Life after Centrepoint
I am reflecting on Costa Botes documentary 'Angie' which I saw this week during the International Film Festival in Christchurch. The screening was small - about 40 people I think - and I was there with some family and friends who were interested in understanding more of my experiences at Centrepoint. Angie Meiklejohn was also there, and she and Anke Richter talked before and after the film, which was a lovely touch, humanising the whole experience enormously.
It was a beautiful film, with the story sitting for long periods with stark and brutal facts which are hard to sit with. The movie is based around conversations, many of which were solo narratives by Angie or others, with photos or moving images in the frame with the voice of the interviewee in the background. There were many shots of the ocean, and many shots of the physical landscape of Centrepoint as it is now. Also there were many childhood photos of Angie and her siblings, and also their mother. It really was a story tracking Angie's younger years, setting the scene with her parents unfortunate relationship, her mother's background of sexual abuse, then subsequent mental illness, instability, inability to parent, and neediness which lead Angie's mother to neglect her children and fail to protect them from the predators that came into contact with the family. Centrepoint was a part of the story, arriving into the narrative well after trauma and abuse had become commonplace. It was covered in the movie in part, but was not a focus. The story then moved on to the years afterwards; Angie's early parenting years and the effect of the childhood trauma on her parenting and marriage, the subsequent separation from her husband and children, then how she moved on to find wholeness through different pursuits and passions in her adult life.
I enjoyed many things about this film. I loved how the film managed to cohesively tell the story of a family fragmented by circumstances - in particular Angie's mother's story, and how that impacted on the four siblings. I understand well how hard it is as a child to make sense of a past which is confusing (and nothing confuses a child quite like a parent with mental illness), to thread together disparate events into a cohesive whole, that explains and integrates events which have caused the child damage. This film has crafted a narrative which makes sense of this confusion, out of many perspectives and memories. I am sure that there will be key people's memories that were not represented who may feel the story is wrong in some way, but for Angie and her siblings at least, I hope this film is a true reflection of their story. The telling of this story for these siblings obviously was healing in itself, breaking through the rules of silence and secrecy, to bring light and clarity and connection finally. That was beautiful to watch. Particularly poignant for me was the moment during the sharing circle with the four siblings when Angie expressed her sadness at not protecting her siblings, her fears that she had made things worse for them, and the desire to hear their stories. How open, how inviting, and how powerfully this invitation was, crumbling those old ways of silence and secrecy in a moment. It is clearly so painful to say what needs to be said and risk the rejection, or conflict, or further isolation, but obviously it worked. How brave they all are, but yet now they are living with the reward of that bravery. Openess, honesty, knowing the truth is out now, and the worst is over.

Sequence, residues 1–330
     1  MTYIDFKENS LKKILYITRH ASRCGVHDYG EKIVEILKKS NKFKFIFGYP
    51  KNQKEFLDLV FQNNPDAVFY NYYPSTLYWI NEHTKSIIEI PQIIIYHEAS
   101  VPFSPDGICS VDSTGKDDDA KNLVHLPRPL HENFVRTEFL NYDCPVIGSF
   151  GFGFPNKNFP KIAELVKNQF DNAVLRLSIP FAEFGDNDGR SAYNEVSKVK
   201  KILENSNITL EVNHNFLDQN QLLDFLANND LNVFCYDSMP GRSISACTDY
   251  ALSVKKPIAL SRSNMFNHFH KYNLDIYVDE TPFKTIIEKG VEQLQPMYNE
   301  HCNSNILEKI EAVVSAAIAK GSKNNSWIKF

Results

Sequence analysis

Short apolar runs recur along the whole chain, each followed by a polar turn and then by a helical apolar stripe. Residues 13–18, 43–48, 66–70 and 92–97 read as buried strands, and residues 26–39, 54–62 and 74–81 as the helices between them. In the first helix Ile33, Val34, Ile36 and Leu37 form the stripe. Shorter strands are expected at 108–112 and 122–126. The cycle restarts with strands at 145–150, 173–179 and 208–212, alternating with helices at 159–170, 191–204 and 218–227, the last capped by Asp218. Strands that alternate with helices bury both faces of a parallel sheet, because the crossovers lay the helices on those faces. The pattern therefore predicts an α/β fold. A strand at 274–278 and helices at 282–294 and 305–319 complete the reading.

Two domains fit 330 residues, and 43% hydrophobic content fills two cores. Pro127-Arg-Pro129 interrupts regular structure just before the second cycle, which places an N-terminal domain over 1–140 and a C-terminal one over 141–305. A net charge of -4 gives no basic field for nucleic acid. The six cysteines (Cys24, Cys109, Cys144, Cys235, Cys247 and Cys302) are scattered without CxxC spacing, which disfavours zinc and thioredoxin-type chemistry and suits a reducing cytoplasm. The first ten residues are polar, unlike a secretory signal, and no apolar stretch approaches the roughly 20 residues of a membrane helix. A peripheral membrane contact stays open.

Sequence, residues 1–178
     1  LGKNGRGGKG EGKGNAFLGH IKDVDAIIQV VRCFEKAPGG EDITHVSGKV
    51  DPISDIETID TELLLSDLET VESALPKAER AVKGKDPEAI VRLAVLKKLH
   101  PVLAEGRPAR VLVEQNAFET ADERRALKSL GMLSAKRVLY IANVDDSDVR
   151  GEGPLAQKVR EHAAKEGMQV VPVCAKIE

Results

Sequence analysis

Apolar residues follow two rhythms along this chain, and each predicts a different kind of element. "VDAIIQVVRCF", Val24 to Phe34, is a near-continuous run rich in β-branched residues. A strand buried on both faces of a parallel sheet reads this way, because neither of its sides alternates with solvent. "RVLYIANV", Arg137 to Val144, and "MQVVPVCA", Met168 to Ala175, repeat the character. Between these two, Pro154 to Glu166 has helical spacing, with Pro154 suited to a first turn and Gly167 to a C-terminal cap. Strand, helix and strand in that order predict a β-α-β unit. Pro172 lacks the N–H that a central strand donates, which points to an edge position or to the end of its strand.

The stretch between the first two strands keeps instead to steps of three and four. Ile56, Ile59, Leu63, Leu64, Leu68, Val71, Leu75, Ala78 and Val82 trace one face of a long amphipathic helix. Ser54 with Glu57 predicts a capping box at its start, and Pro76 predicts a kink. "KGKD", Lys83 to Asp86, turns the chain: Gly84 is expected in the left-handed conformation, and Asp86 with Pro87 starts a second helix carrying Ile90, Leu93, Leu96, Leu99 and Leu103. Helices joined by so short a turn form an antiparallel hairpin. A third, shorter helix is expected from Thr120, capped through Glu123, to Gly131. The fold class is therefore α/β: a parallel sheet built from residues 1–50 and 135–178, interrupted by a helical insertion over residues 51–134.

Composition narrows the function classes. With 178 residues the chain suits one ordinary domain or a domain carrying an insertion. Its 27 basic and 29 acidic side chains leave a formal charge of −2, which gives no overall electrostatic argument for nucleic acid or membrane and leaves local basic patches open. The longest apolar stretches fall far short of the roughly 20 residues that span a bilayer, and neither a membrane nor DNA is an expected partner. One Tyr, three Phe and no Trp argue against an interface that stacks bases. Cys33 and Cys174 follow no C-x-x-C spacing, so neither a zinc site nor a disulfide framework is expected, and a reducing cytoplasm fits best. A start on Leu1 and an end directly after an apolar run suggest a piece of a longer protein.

I sit now wondering how this story affects others. For me it makes me think of my own experiences before and after Centrepoint. Because the story weaved so beautifully together events one after the other into a whole, it made me consider my own narrative, how one thing has lead to another. Initially without agency, and simply a child being thrown about by choices of others and circumstances, but increasingly as the years went by an adult with my own agency, capable of responding with choice and will. I wonder if this confusion-made-clear retelling has made others see their own story differently, or at the very least, start to consider what their story looks like, and how to tell it to others.
This was not just a Centrepoint story, but one where Centrepoint played a pivotal role. The experiences Angie had at Centrepoint were massive, but not the only important ones. Without Centrepoint this still would have been an awful childhood to endure. Tragedy which happens to children is more tragic when there are multiple events, but I guess this is the thing about vulnerability. Sadly, vulnerable people seem to collect tragedies - each event adds to the vulnerability and increases the chance that they will experience more misfortune, be deliberately prayed upon, or will start to believe that this is the best they can get in life and start to sabotage their lives themselves.
Angie and her siblings do not hide from the rawness of any of the facts of the family's history. Nor do they appear in any way to be victims, nor to be passively at the mercy of life events. In this movie they have invited the audience to sit with the uncomfortably raw & ugly truths of their history. We must look upon their wounds and stay there with the discomfort, and in doing so, start to feel the pain of our own.